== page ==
After reading The Wild Card by Hope and Wade King I (Stacie) decided that we needed to become super creative with some of the content we teach.
At the beginning of the year, it always seems that third graders have a sudden issue with punctuation, capitalization, and subject-verb agreement. This year I wanted to do something crazy to help students focus on this and to really take what they are doing to heart.
Maria and I decided to do sentence surgery and create an experience the kids would not forget.
Is there a doctor in the house? There were 26 in fact! It was the most amazing lesson and the kids couldn't stop talking about it. In hindsight, it was simple to plan and to undertake but it was a jump off the creative bridge into the unknown - this lesson could have gone south quickly- but it was all worth it!
|Mrs. Lopez ready for surgery|
Maria and I went out to pick up our class from lunch in our gear - we told the kids that there was an emergency in our room and that they would all need to conduct surgery in order to save the many patients that they had waiting. They were so excited and shocked by what was happening.
Maria, our vice principal, Mrs. Lopez, and I put each student in their operating outfits and had them stand by their tables. They were given directions to discuss their "patients" and to diagnosis what was wrong before making any surgical decisions. They were completely engaged, Maria and I gained a lot of formative assessment information about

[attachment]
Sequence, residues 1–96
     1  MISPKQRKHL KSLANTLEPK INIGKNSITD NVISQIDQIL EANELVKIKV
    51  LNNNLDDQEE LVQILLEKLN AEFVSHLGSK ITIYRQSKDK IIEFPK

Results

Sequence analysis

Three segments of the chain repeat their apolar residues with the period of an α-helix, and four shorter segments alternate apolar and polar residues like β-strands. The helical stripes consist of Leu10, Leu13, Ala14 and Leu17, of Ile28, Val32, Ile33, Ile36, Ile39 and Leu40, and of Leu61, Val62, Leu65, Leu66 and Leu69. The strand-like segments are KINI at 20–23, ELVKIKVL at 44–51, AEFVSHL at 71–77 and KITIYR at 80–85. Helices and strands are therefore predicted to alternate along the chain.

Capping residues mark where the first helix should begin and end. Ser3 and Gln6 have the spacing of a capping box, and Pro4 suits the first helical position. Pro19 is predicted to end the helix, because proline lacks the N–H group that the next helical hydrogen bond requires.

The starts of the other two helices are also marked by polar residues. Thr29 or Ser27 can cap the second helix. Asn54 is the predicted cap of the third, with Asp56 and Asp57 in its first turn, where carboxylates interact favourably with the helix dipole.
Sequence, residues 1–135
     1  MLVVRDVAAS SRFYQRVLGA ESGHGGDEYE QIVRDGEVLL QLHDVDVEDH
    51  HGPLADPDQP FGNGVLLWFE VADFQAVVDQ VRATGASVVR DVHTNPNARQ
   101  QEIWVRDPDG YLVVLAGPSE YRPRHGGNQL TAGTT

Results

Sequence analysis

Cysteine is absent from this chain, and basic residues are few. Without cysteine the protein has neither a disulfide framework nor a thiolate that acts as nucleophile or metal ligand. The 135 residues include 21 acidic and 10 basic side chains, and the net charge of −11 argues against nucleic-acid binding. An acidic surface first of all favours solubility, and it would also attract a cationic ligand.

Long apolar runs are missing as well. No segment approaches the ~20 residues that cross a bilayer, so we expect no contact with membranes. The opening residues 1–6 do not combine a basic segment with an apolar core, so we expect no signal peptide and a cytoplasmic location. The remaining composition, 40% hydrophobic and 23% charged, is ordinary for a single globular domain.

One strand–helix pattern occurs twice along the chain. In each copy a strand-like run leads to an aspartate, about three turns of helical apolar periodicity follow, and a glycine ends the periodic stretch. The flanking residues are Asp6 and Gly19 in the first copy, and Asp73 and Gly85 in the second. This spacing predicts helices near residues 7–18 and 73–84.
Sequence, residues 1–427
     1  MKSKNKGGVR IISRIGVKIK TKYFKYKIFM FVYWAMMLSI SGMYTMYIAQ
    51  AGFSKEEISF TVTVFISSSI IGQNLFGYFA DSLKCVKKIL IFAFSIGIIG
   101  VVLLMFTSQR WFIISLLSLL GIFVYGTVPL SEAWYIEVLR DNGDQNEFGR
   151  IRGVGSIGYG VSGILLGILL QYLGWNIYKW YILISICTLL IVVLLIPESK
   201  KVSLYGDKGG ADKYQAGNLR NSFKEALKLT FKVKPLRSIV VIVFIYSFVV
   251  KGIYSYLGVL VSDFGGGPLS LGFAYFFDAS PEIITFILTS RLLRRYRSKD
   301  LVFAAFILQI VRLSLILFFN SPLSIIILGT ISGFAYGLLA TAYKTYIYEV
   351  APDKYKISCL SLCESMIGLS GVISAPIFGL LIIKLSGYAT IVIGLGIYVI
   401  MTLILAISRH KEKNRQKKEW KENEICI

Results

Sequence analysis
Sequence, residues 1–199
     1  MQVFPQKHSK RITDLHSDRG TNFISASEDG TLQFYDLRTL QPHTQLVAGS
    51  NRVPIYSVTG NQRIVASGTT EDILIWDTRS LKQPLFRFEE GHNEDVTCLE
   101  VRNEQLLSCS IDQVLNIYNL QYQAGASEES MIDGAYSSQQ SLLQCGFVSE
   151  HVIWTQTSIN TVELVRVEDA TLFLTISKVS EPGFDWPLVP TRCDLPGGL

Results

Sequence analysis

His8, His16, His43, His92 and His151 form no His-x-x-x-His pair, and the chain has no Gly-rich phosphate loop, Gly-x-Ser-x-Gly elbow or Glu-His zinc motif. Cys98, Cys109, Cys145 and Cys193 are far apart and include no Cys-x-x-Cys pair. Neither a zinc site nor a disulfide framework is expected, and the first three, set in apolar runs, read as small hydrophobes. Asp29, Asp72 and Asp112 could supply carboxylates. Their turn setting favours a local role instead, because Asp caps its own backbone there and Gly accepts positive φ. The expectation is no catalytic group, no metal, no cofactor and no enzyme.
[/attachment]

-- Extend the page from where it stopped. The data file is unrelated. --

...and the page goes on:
students and they are all working very hard now to ensure that they continue to correctly use capitals and punctuation correctly.
Mrs. Lopez recorded the lesson for us, you can see the majority of it (the last 10 minutes are not recorded as she had to leave the room to address another issue) here.
Students couldn't wait to share what they did when they got home and many of them took the gowns with them to show their parents. We kept the caps and masks for future work editing and revising our work. The kids put them on when editing and revising and they love it!
What is one of the most engaging lessons you have taught? What gave you the idea for approaching it the way you did?
**Please note that this post is cross-posted to my blog, Making Over Third Grade.**